• 'Claire Grace' – This variety produces a massive number of light purple flowers and disease-resistant foliage.

  • Jacob Cline' – This is one of the best-known varieties of red bee balm and is known for its large, vivid red blooms and dark green, fragrant leaves.

Is bee balm toxic?

Bee balm is non-toxic to both humans and animals. In fact, according to Plant Addicts, the flowers and leaves are both edible, as the plant is a member of the mint family. It has been consumed throughout much of American history through its popular use in teas and medicines. While bee balm is non-toxic to pets, it is important to note that animals have a hard time digesting large amounts of plant material, so over-ingesting bee balm can lead to gastrointestinal upset in your furry friend.

According to American Meadows, bee balm was first cultivated for tea during the American Revolution when colonists were unable to purchase black tea from England. Though bee balm is often referred to as "wild bergamot," the name is misleading, as bergamot oil, used in the popular Earl Grey tea, is actually made from a citrus plant and not bee balm. Bee balm tea, often referred to as "oswego tea," is brewed from bee balm leaves or flowers and produces a soothing, minty flavor, per Get Busy Gardening; proving that bee balm is far more than just a beautiful plant.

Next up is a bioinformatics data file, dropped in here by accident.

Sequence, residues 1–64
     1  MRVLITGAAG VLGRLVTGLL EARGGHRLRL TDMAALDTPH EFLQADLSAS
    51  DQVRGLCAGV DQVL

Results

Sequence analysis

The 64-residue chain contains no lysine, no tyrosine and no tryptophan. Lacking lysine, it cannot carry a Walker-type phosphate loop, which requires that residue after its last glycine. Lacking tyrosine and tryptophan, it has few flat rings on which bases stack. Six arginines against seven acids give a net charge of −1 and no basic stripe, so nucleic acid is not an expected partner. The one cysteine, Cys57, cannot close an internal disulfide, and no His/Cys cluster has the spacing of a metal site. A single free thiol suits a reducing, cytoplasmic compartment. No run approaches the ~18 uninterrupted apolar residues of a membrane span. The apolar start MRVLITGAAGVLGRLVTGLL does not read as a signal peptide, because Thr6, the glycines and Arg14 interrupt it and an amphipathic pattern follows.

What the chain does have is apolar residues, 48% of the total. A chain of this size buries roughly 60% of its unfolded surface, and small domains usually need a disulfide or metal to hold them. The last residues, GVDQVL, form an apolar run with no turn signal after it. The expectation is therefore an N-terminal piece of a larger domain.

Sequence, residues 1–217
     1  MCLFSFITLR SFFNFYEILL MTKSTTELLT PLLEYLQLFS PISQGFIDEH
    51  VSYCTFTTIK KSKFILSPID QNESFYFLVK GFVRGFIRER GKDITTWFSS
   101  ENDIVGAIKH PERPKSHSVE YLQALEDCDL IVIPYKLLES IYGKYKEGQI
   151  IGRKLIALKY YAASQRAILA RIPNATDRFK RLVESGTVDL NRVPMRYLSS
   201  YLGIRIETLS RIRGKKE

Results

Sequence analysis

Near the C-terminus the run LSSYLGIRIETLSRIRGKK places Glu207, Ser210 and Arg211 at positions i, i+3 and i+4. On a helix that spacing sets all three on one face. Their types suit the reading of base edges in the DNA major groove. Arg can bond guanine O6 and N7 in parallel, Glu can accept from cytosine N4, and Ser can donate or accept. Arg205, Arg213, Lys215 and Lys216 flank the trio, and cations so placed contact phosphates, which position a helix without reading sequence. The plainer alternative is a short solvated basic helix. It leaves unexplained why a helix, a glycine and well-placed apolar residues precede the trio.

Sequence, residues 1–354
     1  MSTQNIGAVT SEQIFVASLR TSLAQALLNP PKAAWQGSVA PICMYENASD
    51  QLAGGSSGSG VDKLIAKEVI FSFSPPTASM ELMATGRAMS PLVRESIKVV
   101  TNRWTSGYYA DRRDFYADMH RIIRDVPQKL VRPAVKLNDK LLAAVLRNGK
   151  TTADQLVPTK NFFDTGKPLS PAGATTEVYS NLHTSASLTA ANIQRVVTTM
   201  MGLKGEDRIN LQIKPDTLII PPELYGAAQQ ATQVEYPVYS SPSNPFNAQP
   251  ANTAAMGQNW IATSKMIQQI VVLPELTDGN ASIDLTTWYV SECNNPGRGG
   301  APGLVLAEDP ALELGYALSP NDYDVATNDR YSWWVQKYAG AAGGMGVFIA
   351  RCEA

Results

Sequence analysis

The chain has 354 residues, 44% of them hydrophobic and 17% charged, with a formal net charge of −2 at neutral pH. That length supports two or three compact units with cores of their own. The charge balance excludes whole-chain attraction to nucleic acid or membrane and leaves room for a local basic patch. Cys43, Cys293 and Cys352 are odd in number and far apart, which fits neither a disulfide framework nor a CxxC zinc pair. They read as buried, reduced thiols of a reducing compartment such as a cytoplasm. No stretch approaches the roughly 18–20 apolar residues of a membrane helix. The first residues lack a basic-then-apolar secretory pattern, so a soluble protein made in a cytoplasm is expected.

How to repot bee balm

If you keep your bee balm in a pot instead of a garden, even temporarily, the roots can form a tight ball due to the plant's dense root system, per Epic Gardening. Dividing your bee balm prior to potting will be necessary to ensure it doesn't get too root-bound.

When dividing your plant, you will need to work quickly so the roots don't become dried out. Start by loosening the soil around the roots and gently use a shovel to get beneath them, carefully prying upwards until the plant comes free from its pot. Gently shake the plant and brush off as much loose soil as possible so you can get to the roots easier. Cut through the thicker roots with a pair of pruning shears, and then gently pry the two segments apart to divide them at the root. After you have divided your plants, cut off any rotten roots (the ones that look slimy) and immediately replant in new pots or in your garden to ensure your bee balm continues to thrive year after year.